Since its inception a little over a year ago, the Under The Radar section here at Already Heard has become a regular feature, showcasing upcoming new bands or less publicized releases also deserving of a chance. In 2017 we’ve given over fifty bands some valuable column space, casting the eye over albums and EPs from a diverse selection of genres, ranging from Japanese Alt-Progressive to seventies-influenced, trans-vampire rock and everything in between.
Obviously, you can’t please everyone all the time, but the overall quality being showcased on UTR has been surprisingly high, indicating that there is a breadth of talent battling for a little space on the rock ‘n roll dance floor. However, some records/bands have that uncanny ability to command a little presence and watch the crowd part to give them some floor space to strut their stuff.
In this review of the year, we highlight those bands that have made the biggest impression, standing out as genuine contenders and deserving of rising well above the thousand faithful fans level. Check ’em out.
Alter Eden – Tigers and Lambs EP
One of the first records to catch the ear this year was the quality release from February’s UTR by Stoke quartet Alter Eden. Their 6-track EP, ‘Tigers and Lambs’, embraces all kinds of aspects of alternative rock, neatly fitting it all together into their own signature sound led by Nick Pilgrim’s killer vocals. They flirt with the atmospheric, pile on the riffs and even experiment with the rhythms, yet never at the expense of the song. Ten months on and, besides the obvious winners like the title track or ‘Resent/Relent/Repeat’, all the songs stand up, whether it’s the multi-faceted ‘Only Human’ or the vibrant ‘We’ve Had Enough’. Great record – can’t wait to see what they come up with next.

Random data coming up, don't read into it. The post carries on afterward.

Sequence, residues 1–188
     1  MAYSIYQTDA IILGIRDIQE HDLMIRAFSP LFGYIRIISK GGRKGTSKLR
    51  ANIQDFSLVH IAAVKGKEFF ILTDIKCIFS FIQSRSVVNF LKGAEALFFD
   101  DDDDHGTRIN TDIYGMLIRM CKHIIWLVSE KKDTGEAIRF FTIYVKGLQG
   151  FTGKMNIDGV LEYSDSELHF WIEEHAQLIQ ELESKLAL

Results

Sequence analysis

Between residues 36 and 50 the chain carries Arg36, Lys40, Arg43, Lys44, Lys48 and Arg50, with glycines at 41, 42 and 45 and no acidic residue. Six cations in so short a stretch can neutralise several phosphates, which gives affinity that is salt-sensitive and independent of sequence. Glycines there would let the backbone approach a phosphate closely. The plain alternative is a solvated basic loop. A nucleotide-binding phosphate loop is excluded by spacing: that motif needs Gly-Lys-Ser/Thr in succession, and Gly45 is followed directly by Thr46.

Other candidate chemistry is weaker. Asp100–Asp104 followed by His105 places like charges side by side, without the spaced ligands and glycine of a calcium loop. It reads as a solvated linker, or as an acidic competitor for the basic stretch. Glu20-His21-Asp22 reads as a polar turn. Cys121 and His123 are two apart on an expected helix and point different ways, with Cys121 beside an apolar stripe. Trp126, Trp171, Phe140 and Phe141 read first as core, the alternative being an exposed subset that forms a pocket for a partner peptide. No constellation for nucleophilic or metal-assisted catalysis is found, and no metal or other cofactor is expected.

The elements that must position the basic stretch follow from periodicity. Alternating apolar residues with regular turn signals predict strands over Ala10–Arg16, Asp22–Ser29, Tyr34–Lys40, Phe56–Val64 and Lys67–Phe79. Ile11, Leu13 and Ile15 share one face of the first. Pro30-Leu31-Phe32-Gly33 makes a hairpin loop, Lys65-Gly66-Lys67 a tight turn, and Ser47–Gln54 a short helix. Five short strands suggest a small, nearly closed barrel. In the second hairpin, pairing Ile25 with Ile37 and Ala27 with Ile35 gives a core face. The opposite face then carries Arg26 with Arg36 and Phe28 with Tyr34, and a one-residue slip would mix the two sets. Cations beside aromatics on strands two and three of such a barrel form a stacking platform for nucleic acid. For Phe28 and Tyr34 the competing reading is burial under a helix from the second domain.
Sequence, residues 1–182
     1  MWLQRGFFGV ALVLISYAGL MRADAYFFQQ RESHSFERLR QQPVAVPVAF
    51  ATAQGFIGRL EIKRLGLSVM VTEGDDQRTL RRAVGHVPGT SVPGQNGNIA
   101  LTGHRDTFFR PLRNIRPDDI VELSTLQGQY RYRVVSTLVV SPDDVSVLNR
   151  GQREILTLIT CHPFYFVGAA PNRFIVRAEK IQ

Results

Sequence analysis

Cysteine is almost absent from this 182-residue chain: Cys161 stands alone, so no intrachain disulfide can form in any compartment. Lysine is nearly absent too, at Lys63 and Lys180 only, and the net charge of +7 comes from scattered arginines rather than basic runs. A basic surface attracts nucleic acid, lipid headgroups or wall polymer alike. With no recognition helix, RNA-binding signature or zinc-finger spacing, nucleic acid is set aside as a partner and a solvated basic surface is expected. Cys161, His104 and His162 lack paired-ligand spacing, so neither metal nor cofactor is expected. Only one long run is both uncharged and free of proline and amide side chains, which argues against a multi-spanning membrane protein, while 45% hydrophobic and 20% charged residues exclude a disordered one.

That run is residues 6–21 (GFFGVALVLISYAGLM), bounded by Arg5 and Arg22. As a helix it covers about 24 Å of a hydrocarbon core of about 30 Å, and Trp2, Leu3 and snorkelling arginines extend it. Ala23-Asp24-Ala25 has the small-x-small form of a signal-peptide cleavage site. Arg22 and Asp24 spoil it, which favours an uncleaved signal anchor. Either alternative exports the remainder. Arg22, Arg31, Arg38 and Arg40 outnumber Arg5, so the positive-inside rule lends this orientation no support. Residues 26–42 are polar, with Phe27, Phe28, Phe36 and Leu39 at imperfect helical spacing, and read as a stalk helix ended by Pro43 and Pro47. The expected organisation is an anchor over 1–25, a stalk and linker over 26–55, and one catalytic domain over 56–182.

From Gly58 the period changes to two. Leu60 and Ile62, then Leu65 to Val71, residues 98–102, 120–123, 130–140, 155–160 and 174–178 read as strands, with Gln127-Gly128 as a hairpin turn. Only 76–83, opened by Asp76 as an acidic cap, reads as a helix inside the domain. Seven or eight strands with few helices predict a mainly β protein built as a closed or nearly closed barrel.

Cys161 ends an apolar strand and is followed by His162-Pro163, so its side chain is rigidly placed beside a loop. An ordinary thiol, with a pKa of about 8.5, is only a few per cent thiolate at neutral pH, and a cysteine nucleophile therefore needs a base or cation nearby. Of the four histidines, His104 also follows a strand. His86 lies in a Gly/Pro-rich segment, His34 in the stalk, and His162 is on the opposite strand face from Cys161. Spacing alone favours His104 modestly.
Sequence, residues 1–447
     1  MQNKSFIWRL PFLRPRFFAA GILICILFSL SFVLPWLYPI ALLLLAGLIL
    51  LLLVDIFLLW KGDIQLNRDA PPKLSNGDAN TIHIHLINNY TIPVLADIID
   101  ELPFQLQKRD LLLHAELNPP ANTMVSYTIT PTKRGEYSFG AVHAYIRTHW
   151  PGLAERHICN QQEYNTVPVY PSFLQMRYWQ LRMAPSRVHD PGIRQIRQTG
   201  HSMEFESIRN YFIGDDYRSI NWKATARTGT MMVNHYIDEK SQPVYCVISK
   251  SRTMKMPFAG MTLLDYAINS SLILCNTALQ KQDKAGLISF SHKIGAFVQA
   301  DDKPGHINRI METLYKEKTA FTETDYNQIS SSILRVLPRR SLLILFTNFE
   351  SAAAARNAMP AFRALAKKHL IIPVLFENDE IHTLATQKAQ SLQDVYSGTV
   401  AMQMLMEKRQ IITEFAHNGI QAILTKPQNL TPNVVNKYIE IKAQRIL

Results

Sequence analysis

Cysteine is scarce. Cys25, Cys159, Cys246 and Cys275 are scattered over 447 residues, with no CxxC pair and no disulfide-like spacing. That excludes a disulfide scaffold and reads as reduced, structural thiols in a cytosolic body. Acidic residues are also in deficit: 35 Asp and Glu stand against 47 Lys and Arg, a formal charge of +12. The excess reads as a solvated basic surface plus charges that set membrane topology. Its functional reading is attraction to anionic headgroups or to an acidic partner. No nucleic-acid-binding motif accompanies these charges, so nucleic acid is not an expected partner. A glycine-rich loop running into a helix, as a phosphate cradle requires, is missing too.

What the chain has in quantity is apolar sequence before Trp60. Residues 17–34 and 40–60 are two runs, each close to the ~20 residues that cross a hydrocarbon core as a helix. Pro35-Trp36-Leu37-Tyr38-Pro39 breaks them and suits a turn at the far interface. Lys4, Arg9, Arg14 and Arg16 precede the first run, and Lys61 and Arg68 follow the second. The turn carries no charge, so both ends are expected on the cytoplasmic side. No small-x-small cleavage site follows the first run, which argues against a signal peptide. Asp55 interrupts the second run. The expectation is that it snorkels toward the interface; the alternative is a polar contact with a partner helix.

Hollow – Home Is Not Where The Heart Is
This is a powerful debut album from St Louis quartet Hollow and it might just be the best metalcore album of the year. It is heavy as fuck, it’s got serious songs, dealing intelligently with serious issues, and the daring arrangements and electronic touches are the icing on the cake of the make your ears bleed aggression on offer. We are talking all killer, no filler here and even their melodic clean side still feels hardcore. Check this record out.
Reckless Intentions – Lights EP
July was a particularly good month for UTR releases, including the debut from Brighton pop-punk quartet Reckless Intentions; its likeable rough and ready take on the genre makes for a really enjoyable record. The encouraging thing is that they manage to avoid sounding cliché, finding their own identity in the ragged edges of tracks like ‘Stitches’ and the impressive ‘Home’, its plaintive piano and searing riff littered with insecurity. With this kind of quality on offer, you can expect to hear a lot more from these guys.
Scout Killers – Deception
It may have only been four tracks long, but the Scout Killers’ ‘Deception’ was another quality release from July that certainly had an impact. The modern alternative twist on hard rock, underpinning the superb vocals of Scott Cox, offered up the kind of swagger normally associated with much bigger bands. Tracks like the hooky ‘Keep Telling Me Lies’, the massive ‘Freak Show’ and the excellent ‘You Have It All’ all serve to make this a seriously classy record.